I continued to pet him under the blanket and felt his heart racing. We stayed with him for another 15 minutes, the doctor giving him more sedative to keep him sleeping. We hugged and kissed and cried some more. How will we tell the kids? How will they react? Is this even happening? All these things racing around our heads.
We finally had to give the word. The vet put a different syringe into his IV, this time with a pink solution, rather than the milky white she had been pushing into him previously. Shifter's breathing slowed and his heart began to relax, not racing like it had been. Over the course of a couple of minutes, I could no longer feel his heart beat, and I could no longer sense him breathing. All the solution had gone into his IV, and he was checking out, falling asleep for the last time. We stayed with him for another few minutes, crying, tearing, still wishing this day had not come. Gave him a few last kiss sniffs, trying to sense that puppy smell that I still get once in a while, trying to remember his physical essence.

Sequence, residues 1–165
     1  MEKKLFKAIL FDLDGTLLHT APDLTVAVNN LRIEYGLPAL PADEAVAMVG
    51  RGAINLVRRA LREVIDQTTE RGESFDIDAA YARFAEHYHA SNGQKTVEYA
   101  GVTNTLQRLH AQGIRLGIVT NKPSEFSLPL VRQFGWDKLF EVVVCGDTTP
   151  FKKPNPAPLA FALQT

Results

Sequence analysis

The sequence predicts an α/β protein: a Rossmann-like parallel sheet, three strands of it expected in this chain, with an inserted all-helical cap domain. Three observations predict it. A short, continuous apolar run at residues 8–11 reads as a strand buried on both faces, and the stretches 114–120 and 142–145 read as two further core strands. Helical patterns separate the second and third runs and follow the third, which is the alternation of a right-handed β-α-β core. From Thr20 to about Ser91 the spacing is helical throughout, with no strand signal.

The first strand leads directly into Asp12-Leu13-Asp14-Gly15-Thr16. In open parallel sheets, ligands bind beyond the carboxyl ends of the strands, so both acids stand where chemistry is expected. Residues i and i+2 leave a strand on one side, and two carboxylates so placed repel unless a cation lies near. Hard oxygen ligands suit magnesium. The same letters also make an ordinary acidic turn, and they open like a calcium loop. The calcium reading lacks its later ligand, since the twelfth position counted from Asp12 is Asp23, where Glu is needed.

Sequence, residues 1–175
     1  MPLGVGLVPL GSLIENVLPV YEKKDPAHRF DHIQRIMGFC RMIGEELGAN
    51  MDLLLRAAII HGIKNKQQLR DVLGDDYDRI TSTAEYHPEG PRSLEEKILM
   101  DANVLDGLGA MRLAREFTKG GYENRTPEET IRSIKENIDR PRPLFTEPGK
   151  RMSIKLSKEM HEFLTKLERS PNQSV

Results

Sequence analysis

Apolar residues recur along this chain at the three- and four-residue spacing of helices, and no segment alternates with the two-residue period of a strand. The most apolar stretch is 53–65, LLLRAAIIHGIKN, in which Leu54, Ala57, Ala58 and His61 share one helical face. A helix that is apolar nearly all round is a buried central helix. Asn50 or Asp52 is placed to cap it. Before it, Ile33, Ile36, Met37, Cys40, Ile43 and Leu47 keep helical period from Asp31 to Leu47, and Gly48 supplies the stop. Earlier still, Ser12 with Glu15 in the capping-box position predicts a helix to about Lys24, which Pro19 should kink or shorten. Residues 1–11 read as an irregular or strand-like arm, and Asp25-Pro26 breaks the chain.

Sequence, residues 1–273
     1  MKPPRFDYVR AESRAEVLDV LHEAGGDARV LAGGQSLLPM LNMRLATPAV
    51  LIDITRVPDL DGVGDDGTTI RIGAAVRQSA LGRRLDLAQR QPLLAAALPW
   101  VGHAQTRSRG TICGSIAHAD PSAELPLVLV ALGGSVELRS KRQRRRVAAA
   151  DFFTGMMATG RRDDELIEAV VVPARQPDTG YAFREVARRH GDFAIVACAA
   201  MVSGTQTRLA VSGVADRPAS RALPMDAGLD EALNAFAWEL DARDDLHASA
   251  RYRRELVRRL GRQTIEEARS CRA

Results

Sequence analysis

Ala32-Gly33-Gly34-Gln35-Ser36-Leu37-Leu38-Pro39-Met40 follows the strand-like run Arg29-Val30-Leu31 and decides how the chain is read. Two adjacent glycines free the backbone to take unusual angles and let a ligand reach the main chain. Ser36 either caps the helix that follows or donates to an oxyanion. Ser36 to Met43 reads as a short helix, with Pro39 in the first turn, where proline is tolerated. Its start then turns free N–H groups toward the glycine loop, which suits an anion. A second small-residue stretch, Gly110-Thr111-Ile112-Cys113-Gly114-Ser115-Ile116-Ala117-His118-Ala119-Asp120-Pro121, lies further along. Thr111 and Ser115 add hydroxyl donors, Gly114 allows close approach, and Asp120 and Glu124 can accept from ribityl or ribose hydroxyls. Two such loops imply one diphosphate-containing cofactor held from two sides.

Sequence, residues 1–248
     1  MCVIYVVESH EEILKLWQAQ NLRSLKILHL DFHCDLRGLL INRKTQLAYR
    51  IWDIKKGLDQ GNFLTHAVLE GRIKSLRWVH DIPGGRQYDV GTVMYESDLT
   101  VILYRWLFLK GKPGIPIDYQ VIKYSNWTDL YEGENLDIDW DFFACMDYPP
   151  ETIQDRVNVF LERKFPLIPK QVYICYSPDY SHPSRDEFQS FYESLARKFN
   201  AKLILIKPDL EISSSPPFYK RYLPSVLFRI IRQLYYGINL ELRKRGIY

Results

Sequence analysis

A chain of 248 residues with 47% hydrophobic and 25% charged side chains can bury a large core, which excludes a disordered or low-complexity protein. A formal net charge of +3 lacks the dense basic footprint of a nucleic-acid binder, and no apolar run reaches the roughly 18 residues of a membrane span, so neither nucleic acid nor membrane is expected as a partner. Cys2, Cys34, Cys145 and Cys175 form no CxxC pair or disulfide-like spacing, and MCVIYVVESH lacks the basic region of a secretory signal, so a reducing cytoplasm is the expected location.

Then we left. Left without him, for the first time in 17 years, I was dogless.
The staff at the animal hospital could not have been better. The two veterinarians (DVMs) were the people that had dealt with us along along this path all morning, coming out to give status updates, helping us with the most difficult decision, and consoling us. Really, we could not have asked for better care for us, or Shifter.
Shifter, it amazes me what a remarkably good dog you have been your entire life, and all that we have been through, from coming home, having a new master move into the house and into your life, to having a human baby show up, going through the remodel, having another human baby show up, all the camping trips, and all the times we had to leave you alone at home on your own, or at a neighbor's house. You have been the best dog. Ever. We miss you.